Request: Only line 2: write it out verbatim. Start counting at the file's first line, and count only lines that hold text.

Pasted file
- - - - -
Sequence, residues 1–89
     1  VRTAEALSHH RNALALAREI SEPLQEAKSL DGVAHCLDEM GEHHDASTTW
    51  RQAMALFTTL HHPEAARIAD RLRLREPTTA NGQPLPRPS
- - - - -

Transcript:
     1  VRTAEALSHH RNALALAREI SEPLQEAKSL DGVAHCLDEM GEHHDASTTW